George Eliot (Mary Anne Evans).
Image from Wikipedia.
Now at last we can return to the pleasurable life of books; and I can tell you about my latest addition to my exclusive five star list, George Eliot’s sweeping, realistic, biting, subtle Middlemarch.
I don’t normally get excited about Victorian novels. I’m using that term loosely to apply to eighteenth-century British novels, about the small squirmings of the upper class and the landed gentry of England. And yet, Middlemarch succeeded in utterly beguiling me. It’s less like Austen to me, and more like Henry James; it is passionate, realistic, and willing to gaze upon the lives of unhappy individuals with great clarity and compassion. Unlike the stories of Austen, which generally bear toward a marriage, several marriages happen in Middlemarch right at the outset. The drama will stem not from who will marry whom, but what life will truly be like after these matches, for better or for worse, have been made. One storyline follows Dorothea, an enlightened, modern women with great wisdom, ambition, and intelligence. She is a wonderful character to follow, full of identifiable emotion, passion, and loyalty. She marries an older man who is a respected scholar because she believes she wants to support him in his great work; but to Dorothea’s dismay, and the reader’s as well, we discover that his work is useless and backward, the scholarship that he has been devoting his life to an utter waste of time. Through Eliot’s graceful writing, we can see a marriage, having lost its foundation, crumbling from within.
There are other married-life dramas within this story, including another marriage that seems to begin on the best of terms, but begins to fall apart as husband and wife discover how little they know about each other and how unwilling they are to understand each other. Eliot’s descriptions of the small bitternesses of relationships, and how wounds can fester, or how chasms can open between people who once loved each other, are sensitive and real. They feel as relevant to relationships today as they must have been about marriages of a previous century. Frequently I felt myself associating guiltily with the character of Rosamond, whose utter self-absorption causes rifts to open in her marriage. She firmly believes each new hardship is done deliberately to spite her or marr her happiness; it’s these sorts of perspectives that I feel I take when I’m at my worst. And it’s these sorts of perspectives that can make relationships fall apart.
Of course, in the time and place of Middlemarch, divorce or breakups are not an option; so the members of these unhappy unions must struggle along the best they can, facing a lifetime of dischord. They realize that unhappy marriages can mean a lifetime of smothering their true selves, or subjugating their wills to others; but a chance for freedom, even at the risk of social disapproval, might just be worth taking.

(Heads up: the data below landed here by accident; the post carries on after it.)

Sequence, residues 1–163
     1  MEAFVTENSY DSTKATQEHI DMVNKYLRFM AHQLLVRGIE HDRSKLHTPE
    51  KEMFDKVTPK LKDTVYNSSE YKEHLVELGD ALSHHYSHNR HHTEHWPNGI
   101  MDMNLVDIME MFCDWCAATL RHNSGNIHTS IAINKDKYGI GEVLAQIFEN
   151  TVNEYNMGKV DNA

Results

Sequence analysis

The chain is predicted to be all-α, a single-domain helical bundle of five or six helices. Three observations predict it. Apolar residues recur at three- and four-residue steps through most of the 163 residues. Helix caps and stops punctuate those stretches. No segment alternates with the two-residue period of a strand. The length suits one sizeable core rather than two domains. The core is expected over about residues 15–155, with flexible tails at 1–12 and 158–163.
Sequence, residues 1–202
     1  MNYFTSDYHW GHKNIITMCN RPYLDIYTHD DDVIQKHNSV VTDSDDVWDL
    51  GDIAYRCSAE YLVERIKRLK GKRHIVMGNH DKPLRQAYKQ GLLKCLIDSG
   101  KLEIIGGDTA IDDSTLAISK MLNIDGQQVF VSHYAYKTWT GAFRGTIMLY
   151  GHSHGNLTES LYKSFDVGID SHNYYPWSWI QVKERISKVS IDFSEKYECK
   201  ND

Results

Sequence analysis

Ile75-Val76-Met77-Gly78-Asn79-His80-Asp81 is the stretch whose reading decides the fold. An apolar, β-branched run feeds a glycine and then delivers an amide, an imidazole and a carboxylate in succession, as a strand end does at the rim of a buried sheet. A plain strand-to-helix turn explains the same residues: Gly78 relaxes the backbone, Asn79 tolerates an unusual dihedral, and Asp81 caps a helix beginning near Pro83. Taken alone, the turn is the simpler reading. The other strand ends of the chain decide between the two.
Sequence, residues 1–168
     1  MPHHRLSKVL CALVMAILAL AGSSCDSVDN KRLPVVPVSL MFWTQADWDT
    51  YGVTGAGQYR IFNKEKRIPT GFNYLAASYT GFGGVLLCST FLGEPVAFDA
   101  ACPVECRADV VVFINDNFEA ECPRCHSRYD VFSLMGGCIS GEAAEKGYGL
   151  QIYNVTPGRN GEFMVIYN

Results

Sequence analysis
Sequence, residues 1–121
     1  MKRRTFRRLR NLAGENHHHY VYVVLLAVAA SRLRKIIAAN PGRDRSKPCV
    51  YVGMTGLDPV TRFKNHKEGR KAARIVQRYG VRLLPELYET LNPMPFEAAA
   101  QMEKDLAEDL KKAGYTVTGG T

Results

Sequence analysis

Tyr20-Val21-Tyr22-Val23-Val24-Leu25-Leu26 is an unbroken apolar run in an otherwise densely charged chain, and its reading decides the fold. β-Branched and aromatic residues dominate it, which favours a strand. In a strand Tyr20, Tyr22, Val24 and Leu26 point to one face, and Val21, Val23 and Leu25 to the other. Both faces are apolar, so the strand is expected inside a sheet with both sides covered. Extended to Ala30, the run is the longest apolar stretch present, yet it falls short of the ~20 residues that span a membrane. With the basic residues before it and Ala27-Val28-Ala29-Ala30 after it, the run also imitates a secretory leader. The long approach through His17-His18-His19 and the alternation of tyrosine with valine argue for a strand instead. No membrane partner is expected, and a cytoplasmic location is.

Middlemarch is a small-town gossip novel; it’s a gripping portrait of troubled family life; it’s a coming-of-age novel; it’s even a murder mystery. I found it riveting, honest, subtle, and true. It’s the first book in a long while that I’ve felt a real, personal connection to. Finally, I get what all the hype was about.
It’s been radio silence here at Writerly Life this week largely because of the chaotic and awful events that have seized my hometown. The world has seen the footage of the bombings at the Boston Marathon, and I’m sure you all know the feverish flood of details and images that followed; I won’t try to go further into speculation about who these individuals are or what they possibly hoped to achieve. Save that for the journalists, the essayists, the experts.
But as for many Bostonians, the bombings have completely taken hold of my attention this week. I was at the marathon on Monday, as I am every year. I’m not athletic in the least, and maybe that’s why I love it so; it is incredibly inspiring, incredibly joyful to me to see these people willing to find out the limits of their strength and endurance, the outer boundaries of their bodies and wills. There’s something beautiful about the thousands of people who line that twenty-six mile winding journey through the outer towns, simply to cheer on strangers. And so there’s something personal we carry with us if we’re fans of the marathon. It’s my marathon. It’s my childhood. It’s a simple, good day of joy and triumph. To see it horribly marred in the way it has been is a jolt; it’s a deep, abiding tragedy.
That’s probably why we Bostonians listened obsessively to the news this week, and pored over every picture of a bomb pot lid or a circuit board, and when the photos of suspects were released, we stared at the faces and the cycling video again and again, trying to understand, trying to help. I looked back through the photos I had taken of that day, even though I was several blocks from the finish line and there hours before the bombs went off, just checking on the off chance that there was something of use.
Yesterday, when the city became frozen, I watched the news. To a fault. There comes a time when you can become sickened by the meaningless news chatter, the endless looped footage, but I can be easily sucked into these kind of dramas. I feel very glad that the story seems to have reached at least the first of many resolutions; that we can feel some measure of relief that the larger part of the mystery, the whodunit, appears to be solved. In the coming weeks, we’ll learn more about motivation, about potential affiliations or accomplices, and we’ll be saddened all over again (at least I will be) to learn how people who grew up in the United States could feel so savagely alienated from its people.
In the meantime, I can be glad for the grubby little streets and avenues of my home, for the scrappiness of its people; I can be glad for the measures of excellence to which we hold ourselves, in medicine, in education, in tolerance; and I feel that I can write again.
We’re all busy these days, and hopefully busy with writing, but here is a roundup of some interesting stories, links, and articles that I’m thinking about this week.